Financial advice is not only for the wealthy. Many hard-working people with fewer assets or young people just starting out are looking for clear financial advice to help them plan for retirement, buy a home, eliminate debit, pay educational costs or save for the future. In fact, taking on smaller accounts can actually help increase your book of business significantly.

According to recent data, one of the top reasons why people don’t feel justified paying advice fees is that they don’t think they have sufficient funds to invest. In order to deliver value to your clients, you have to work to overcome the misconception that financial planning help is reserved for the rich.

Unless your firm has strict minimum account limits, make it known in your marketing and IFA lead generation strategy that prospects don’t have to have thousands saved up in order to meet with you. Talk about how you can help clients with small assets to achieve short-term savings goals, build wealth, or use the little they have effectively to make a positive impact on their financial future. Being transparent in your fee structure can also help – prospects starting out with less are more likely to want to protect their money, and knowing what they can expect regarding financial adviser cost goes a long way to building trust.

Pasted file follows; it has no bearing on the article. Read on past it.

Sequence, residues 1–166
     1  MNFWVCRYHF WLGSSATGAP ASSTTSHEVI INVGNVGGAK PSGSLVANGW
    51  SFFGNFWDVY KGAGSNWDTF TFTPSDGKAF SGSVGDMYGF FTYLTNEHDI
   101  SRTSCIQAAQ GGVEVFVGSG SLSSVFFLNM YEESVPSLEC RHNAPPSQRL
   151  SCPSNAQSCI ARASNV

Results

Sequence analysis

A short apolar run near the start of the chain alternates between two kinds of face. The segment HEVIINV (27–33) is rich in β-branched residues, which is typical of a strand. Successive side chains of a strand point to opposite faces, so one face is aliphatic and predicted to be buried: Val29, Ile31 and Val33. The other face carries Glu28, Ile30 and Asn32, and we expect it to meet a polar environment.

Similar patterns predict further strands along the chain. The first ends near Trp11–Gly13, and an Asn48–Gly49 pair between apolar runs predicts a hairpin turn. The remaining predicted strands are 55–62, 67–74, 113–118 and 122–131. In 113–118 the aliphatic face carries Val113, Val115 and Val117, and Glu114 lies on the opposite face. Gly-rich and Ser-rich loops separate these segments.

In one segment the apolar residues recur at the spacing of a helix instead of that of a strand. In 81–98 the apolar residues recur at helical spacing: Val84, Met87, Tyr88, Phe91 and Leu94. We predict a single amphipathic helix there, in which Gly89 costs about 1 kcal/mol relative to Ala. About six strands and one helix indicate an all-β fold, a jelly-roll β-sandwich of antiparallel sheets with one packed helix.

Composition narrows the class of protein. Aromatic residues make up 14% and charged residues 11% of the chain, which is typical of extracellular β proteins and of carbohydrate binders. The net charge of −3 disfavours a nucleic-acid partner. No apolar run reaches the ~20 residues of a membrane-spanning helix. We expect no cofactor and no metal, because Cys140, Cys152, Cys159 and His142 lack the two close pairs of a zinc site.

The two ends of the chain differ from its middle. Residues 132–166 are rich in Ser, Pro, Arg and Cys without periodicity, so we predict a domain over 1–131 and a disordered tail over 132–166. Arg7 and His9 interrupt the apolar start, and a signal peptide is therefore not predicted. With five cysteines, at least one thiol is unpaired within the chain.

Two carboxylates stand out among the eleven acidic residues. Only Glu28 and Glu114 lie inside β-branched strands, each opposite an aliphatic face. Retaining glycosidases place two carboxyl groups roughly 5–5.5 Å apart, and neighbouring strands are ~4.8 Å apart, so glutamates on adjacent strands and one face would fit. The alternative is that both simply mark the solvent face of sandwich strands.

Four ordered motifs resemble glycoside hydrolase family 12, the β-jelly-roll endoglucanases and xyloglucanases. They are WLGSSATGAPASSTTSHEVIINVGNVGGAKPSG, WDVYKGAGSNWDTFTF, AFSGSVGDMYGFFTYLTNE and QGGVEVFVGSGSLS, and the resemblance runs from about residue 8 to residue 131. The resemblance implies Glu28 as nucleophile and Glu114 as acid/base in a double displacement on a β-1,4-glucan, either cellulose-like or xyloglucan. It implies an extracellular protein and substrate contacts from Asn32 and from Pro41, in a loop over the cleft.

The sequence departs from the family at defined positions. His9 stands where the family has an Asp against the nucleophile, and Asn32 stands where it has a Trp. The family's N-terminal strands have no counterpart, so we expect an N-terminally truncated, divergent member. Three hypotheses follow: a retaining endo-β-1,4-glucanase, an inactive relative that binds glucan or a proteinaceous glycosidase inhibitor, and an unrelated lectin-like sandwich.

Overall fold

Clients want a financial adviser they can trust

This facet of building your business is actually twofold: working to expand your knowledge base and pitching solutions, not products. In order to gain clients’ trust, they have to believe that you know what you’re doing and that you have their best interests – not your commission – top of mind.

The best financial advisers work at it. To join their ranks and earn a reputation for sound, trustworthy advice, you must know your firm’s products and services, keep up with industry and market news and trends, commit to additional training, and learn as much and as often as you can. If you don’t have a credential, consider pursuing one to show prospects that you have the expertise and education necessary to recommend customised investment plans.

Building trust also means offering clients genuine solutions that will help them achieve their goals, and modern consumers know when they’re getting an empty pitch. If clients think that you’re only worried about hitting your sales targets and collecting your commission, then they will not be your clients for long. This is why it’s so important to connect with each client on a deeper level. Only then can you tailor an approach that best meets clients’ needs.

Clients want more from their financial adviser than quarterly reports and a phone call only when a new product rolls out. People want to put their money in the hands of an expert with the training and knowledge needed to help them reach their goals. They want a trustworthy partner who values their business, no matter how small, and genuinely wants to see them succeed. To give your clients what they’re really looking for from a financial adviser, you must look beyond the numbers and see the person sitting across your desk.